May 1st.-Read Henry T. Tuckerman's account of the Portraits of Washington, in the Appendix to the fifth volume. Pronounced it quite an acquisition.

On the 4th, went to town, and returned at half past seven, the better for the journey. Occupied his room alone that night.

May 9th.-Received the following letter from Bancroft, in acknowledgment of Volume V. of "Life of Washington":


Sunday, May 7.

Your publisher sent me, late yesterday, your fifth volume, to which I must entreat you to add your autograph, in evidence of the intention, which Putnam vouched for. I did not go to bed till I had finished all the last half of the volume; and my first moment this morning is to tell you with what delight, and, I add in all soberness, emotion, I read it. The narrative is beautifully told, in your own happy diction and style, felicitous always; never redundant; graceful and elegant. The throbbings of your heart are as marked and perceptible along the pages as in anything you ever wrote. But the charm is the loveliness that your portraiture sheds round the venerable patriot in his retirement. Much as I have read and studied about Washington, I was taken by the novelty that your ever fresh and warm manner has thrown about your sketch. Your hero dies like the sun in its beauty in a cloudless sky. After reading to the end, I began at the beginning. You have charmingly shown Washington's dislike of state; and you have hit off John Adams's character in perfection at a single touch.

Having had many

letters sent me about Randolph, I looked up your account of that sad matter; and I think your statement is a model of candor, indicating just the extent of Randolph's indiscretion, and no more; and I think the letter of contrition, which you insert, tends to exonerate Randolph from the deeper imputation, for it shows, at bottom, an honest heart, though his judgment may have grievously erred.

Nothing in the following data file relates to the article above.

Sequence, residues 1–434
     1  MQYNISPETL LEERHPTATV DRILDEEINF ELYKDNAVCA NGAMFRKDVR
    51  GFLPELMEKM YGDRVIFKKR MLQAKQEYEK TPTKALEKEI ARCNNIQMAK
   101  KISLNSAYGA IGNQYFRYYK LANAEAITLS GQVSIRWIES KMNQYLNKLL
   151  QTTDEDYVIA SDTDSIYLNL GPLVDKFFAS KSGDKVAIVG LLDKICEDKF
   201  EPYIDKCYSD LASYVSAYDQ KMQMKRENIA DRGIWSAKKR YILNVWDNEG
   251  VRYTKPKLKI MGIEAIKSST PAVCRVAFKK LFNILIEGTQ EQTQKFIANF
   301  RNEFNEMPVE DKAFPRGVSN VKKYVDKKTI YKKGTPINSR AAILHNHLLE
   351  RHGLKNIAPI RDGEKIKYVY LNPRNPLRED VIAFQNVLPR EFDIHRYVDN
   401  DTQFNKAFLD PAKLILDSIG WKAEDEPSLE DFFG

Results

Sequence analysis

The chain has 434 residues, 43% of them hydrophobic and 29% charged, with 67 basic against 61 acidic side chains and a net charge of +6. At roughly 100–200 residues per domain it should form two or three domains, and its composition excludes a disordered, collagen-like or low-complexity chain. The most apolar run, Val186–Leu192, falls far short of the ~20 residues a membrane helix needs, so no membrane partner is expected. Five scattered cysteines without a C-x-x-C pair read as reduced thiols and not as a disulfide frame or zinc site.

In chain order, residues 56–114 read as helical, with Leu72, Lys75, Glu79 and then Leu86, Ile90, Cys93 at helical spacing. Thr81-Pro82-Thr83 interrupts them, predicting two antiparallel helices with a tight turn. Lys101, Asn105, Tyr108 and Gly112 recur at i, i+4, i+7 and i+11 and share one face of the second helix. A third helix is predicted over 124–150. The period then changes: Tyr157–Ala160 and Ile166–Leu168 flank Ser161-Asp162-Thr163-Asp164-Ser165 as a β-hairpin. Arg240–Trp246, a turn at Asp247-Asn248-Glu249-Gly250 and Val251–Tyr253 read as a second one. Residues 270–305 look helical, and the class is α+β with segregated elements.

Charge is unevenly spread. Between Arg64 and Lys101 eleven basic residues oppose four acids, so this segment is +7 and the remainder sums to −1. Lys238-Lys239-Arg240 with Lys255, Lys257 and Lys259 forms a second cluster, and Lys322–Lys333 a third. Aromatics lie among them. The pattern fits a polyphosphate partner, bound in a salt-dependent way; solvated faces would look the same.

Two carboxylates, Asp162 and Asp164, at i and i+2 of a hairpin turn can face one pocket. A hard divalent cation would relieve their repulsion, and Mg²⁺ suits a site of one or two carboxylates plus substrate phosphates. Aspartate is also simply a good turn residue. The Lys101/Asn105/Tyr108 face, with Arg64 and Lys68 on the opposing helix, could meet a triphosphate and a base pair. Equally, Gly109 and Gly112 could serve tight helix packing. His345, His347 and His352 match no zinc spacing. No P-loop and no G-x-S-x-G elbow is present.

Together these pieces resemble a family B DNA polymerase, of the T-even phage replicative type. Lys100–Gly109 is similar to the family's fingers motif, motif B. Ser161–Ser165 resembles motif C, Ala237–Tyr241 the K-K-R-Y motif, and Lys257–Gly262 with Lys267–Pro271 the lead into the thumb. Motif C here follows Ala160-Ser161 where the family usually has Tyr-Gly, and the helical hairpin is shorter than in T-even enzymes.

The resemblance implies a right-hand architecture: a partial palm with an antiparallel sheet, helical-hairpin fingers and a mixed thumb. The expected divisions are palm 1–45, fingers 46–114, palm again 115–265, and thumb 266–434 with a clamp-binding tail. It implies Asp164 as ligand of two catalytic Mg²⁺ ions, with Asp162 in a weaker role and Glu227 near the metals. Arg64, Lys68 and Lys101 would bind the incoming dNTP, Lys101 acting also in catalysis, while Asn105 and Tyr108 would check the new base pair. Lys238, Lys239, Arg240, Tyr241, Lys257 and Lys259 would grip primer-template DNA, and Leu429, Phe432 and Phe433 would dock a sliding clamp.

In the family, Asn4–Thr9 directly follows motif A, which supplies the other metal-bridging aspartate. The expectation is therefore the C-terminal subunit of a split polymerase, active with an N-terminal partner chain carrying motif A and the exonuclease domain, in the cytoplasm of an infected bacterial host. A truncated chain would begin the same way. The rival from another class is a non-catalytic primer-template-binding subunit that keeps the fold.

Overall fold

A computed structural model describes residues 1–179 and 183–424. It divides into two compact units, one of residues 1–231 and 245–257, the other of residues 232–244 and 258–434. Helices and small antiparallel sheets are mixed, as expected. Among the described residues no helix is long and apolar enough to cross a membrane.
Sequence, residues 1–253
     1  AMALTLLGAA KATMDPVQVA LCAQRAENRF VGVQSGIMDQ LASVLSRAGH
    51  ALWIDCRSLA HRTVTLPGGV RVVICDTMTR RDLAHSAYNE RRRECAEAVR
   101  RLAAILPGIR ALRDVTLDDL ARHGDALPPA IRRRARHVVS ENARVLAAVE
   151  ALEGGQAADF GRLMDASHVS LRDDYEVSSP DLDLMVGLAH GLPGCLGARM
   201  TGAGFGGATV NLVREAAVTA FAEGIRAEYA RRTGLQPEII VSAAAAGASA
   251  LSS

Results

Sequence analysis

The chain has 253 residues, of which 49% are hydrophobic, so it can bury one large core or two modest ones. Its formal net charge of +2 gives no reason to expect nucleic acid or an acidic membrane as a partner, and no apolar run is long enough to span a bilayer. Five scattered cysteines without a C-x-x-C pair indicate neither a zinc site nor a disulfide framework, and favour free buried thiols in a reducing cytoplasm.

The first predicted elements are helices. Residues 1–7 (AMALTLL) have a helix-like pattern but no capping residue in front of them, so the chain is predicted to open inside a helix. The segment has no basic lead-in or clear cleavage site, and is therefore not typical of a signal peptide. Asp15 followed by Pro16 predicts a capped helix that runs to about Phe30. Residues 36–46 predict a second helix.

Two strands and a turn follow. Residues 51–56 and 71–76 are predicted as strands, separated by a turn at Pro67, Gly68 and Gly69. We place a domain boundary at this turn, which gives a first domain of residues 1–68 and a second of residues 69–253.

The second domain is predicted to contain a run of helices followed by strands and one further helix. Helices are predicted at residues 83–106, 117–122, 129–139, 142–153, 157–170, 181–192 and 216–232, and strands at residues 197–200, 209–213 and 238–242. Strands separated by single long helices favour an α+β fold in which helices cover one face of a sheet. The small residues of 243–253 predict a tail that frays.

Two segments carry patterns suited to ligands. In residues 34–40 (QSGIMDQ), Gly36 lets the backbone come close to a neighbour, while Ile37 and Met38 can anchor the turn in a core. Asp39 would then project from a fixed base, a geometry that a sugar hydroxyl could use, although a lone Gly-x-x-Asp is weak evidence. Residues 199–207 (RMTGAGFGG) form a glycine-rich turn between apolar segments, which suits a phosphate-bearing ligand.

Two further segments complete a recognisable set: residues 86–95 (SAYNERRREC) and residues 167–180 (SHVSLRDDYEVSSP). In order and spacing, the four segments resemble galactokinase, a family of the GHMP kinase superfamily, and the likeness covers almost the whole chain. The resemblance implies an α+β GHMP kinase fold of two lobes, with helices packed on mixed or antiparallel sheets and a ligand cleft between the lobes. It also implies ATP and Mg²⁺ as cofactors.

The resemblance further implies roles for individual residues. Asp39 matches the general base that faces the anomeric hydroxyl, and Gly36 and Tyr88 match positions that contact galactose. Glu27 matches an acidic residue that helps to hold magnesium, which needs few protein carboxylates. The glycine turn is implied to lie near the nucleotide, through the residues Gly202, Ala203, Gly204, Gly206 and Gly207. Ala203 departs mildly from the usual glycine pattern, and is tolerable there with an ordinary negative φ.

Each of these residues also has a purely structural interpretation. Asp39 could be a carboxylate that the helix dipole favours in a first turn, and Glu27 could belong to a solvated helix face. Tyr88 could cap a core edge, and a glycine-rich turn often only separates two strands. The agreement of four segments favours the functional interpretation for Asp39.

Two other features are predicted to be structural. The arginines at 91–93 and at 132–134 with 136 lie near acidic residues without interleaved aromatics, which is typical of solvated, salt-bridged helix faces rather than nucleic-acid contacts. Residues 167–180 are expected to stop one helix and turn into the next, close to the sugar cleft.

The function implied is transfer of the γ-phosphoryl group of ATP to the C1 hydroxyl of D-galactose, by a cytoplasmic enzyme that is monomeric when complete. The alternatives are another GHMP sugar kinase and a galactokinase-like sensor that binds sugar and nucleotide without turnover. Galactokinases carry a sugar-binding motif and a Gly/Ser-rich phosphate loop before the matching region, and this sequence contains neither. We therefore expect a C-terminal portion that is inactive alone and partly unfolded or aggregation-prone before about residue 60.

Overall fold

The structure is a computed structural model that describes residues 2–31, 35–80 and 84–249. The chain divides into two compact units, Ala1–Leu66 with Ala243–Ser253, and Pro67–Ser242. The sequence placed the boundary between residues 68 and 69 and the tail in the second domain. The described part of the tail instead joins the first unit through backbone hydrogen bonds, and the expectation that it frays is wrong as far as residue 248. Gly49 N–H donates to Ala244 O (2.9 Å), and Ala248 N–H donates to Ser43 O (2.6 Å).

The sketch which Washington gives of Hamilton, on preferring him for the post next himself in the army, is the finest tribute ever paid to Hamilton's rare combination of talents. . . . . But I shall weary you; only I could not delay telling you how admirably you have, in my judg ment, combined, in this volume, grace of style, freshness, candor, and all the good qualities that make you the delight of your friends and the pride of the country.

I am ever, dear Irving, very heartily yours,


May 10th.-Received a letter from John P. Kennedy, proposing his going on a trip to St. Louis with the Baltimore and Ohio Railroad Company, which he declines, as follows:


[To John P. Kennedy.]

SUNNYSIDE, May 11, 1859.

I have had to decline the very tempting invitation of Mr. Prescott Smith in behalf of the Baltimore and Ohio Railroad Company. In fact, I am not in a condition to undertake the expedition proposed. I have been under the weather all winter, suffering from an attack of asthma, and a nervous indisposition brought on by overworking myself in endeavoring to bring my literary task to a conclusion. Thank heaven, my fifth volume is launched, and henceforth I give up all further tasking of the pen. I am slowly regaining health and strength, and am having my natural rest at night, for I suffered wretchedly from sleeplessness. Within the last two or three weeks I feel quite encouraged; but I still have to take great